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The Science of Thunder and Lightning
Episode Four: Why we cannot hear the thunder of a distant lightning?


   Written by: LEE Lap-shun


    In the last episode, we mentioned that one might see a lightning flash but would not hear any thunder if the storm was far away.  Let's take a look why this is so.

    Air is the medium for sound to propagate (you hear no sound from a vacuum).  The speed of sound in air depends on several factors including the air temperature.  Usually, sound travels faster in warm air than in cool air.

    For most of the time, the air near the ground is warmer than the air above (please refer to the article "The higher you climb, the colder it gets" for details).  Since air temperature decreases with height, the speed of sound also decreases with height.  This means that for a sound wave traveling close to the ground, the part of the wave closest to the ground is traveling the fastest, while the part farthest above the ground is traveling the slowest.  As a result, the wave changes the direction it propagates and bends upwards.  The longer it travels, the more it will be refracted away from the ground.  Typically, thunder is seldom heard by a ground observer beyond 15 kilometres from the storm.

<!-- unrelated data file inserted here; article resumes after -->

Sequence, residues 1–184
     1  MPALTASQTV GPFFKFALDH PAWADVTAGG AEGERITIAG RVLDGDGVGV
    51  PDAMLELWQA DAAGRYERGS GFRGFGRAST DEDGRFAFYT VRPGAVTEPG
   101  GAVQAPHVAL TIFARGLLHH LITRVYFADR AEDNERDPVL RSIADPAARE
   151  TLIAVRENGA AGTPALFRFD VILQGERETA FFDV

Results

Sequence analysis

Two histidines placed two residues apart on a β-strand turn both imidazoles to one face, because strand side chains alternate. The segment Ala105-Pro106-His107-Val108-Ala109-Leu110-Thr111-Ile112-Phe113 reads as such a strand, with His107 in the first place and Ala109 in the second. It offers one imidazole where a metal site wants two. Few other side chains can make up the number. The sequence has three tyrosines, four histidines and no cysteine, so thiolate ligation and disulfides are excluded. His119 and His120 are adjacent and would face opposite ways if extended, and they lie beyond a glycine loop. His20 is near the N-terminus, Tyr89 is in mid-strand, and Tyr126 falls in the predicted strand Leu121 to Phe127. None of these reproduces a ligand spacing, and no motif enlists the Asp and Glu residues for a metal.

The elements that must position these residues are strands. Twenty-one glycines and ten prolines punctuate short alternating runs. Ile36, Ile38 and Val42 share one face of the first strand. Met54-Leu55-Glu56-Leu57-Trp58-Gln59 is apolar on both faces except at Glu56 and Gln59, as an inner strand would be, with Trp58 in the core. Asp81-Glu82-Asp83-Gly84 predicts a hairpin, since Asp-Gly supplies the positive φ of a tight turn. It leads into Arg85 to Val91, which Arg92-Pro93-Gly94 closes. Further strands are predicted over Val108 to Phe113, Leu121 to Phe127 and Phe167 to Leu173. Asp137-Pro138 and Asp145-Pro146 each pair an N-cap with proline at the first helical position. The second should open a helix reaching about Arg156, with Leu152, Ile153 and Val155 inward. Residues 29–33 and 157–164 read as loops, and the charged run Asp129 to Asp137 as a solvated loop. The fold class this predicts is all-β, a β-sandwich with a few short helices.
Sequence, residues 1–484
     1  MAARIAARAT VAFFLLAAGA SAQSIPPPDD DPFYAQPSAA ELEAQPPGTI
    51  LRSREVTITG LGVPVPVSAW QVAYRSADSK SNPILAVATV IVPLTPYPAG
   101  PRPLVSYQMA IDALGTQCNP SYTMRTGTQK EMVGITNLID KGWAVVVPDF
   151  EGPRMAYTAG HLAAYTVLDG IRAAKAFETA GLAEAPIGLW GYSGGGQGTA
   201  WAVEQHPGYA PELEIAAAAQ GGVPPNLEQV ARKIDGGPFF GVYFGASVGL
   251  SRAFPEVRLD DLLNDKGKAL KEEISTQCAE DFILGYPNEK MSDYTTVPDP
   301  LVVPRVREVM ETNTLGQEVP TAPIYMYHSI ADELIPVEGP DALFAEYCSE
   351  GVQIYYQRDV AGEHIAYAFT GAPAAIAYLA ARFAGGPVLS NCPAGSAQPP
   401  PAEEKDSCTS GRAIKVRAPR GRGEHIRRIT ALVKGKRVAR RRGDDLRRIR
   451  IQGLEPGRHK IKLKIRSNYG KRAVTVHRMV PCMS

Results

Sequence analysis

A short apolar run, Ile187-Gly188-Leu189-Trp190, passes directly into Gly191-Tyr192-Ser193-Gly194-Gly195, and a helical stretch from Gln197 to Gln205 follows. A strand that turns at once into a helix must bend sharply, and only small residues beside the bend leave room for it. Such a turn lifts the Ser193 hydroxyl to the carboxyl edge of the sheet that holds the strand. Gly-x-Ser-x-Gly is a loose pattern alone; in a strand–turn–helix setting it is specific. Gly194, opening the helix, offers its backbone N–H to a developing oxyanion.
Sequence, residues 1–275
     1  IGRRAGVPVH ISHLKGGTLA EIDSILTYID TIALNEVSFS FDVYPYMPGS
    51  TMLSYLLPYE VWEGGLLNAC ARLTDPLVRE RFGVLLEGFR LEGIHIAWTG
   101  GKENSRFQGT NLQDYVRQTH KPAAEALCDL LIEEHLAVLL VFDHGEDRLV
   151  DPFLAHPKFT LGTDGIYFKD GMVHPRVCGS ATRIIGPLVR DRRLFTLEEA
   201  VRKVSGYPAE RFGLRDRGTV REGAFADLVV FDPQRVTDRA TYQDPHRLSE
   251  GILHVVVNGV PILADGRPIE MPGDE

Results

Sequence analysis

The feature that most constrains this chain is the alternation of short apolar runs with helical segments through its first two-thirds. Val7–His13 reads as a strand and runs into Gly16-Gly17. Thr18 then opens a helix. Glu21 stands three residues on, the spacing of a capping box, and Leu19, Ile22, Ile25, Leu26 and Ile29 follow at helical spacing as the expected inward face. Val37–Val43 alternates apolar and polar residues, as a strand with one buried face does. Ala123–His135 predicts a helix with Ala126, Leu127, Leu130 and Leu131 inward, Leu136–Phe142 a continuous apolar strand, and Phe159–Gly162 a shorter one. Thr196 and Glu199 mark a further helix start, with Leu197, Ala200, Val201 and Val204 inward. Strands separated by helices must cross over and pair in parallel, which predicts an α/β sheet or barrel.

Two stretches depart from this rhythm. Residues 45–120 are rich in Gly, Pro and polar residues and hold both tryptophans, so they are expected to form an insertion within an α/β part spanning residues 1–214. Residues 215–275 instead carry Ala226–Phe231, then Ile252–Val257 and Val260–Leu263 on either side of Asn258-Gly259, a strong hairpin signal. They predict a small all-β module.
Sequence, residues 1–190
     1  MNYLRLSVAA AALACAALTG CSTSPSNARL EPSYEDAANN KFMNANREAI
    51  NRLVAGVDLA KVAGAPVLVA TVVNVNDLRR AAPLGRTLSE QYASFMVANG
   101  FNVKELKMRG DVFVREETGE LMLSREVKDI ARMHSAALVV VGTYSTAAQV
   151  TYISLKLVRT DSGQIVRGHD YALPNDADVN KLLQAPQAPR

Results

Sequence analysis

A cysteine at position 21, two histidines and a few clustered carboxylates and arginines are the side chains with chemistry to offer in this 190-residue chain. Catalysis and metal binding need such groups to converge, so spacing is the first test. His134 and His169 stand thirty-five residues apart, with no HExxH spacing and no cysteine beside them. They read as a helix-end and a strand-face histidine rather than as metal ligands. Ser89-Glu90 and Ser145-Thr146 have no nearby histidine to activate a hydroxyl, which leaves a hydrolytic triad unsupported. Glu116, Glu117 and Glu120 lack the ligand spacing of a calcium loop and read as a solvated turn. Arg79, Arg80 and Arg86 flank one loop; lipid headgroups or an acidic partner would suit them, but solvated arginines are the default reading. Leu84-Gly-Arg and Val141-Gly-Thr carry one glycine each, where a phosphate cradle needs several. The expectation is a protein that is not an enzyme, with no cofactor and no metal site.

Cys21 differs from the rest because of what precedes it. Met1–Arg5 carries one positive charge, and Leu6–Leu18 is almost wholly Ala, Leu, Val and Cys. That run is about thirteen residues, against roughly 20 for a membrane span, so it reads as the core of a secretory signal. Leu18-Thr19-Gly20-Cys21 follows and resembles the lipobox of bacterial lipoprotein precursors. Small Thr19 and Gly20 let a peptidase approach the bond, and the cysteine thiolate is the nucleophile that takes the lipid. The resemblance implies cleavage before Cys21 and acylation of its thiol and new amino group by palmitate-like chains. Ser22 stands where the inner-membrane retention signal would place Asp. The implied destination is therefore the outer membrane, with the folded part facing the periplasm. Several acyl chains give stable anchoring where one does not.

figure1
    Sound waves are refracted upwards if air temperature decreases with height
    (Objects in the diagram are not to scale)

    In the lower atmosphere, sometimes an inversion exists, i.e. the temperature increases with height. The sound of thunderstorm will then be refracted downward towards the ground. In some cases it can be rather focused, leading to an intense clap or several claps of thunder.

Last revision date: <21 Dec 2012>